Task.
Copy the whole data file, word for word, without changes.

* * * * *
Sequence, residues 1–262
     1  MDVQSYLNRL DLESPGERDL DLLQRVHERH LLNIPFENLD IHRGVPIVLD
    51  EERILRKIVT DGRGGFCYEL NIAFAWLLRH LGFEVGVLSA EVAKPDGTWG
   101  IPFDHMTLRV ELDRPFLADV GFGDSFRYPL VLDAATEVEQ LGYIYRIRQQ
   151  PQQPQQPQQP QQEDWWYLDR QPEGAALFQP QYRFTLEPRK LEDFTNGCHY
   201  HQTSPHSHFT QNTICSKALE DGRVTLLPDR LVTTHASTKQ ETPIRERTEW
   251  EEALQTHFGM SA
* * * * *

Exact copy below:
Sequence, residues 1–262
     1  MDVQSYLNRL DLESPGERDL DLLQRVHERH LLNIPFENLD IHRGVPIVLD
    51  EERILRKIVT DGRGGFCYEL NIAFAWLLRH LGFEVGVLSA EVAKPDGTWG
   101  IPFDHMTLRV ELDRPFLADV GFGDSFRYPL VLDAATEVEQ LGYIYRIRQQ
   151  PQQPQQPQQP QQEDWWYLDR QPEGAALFQP QYRFTLEPRK LEDFTNGCHY
   201  HQTSPHSHFT QNTICSKALE DGRVTLLPDR LVTTHASTKQ ETPIRERTEW
   251  EEALQTHFGM SA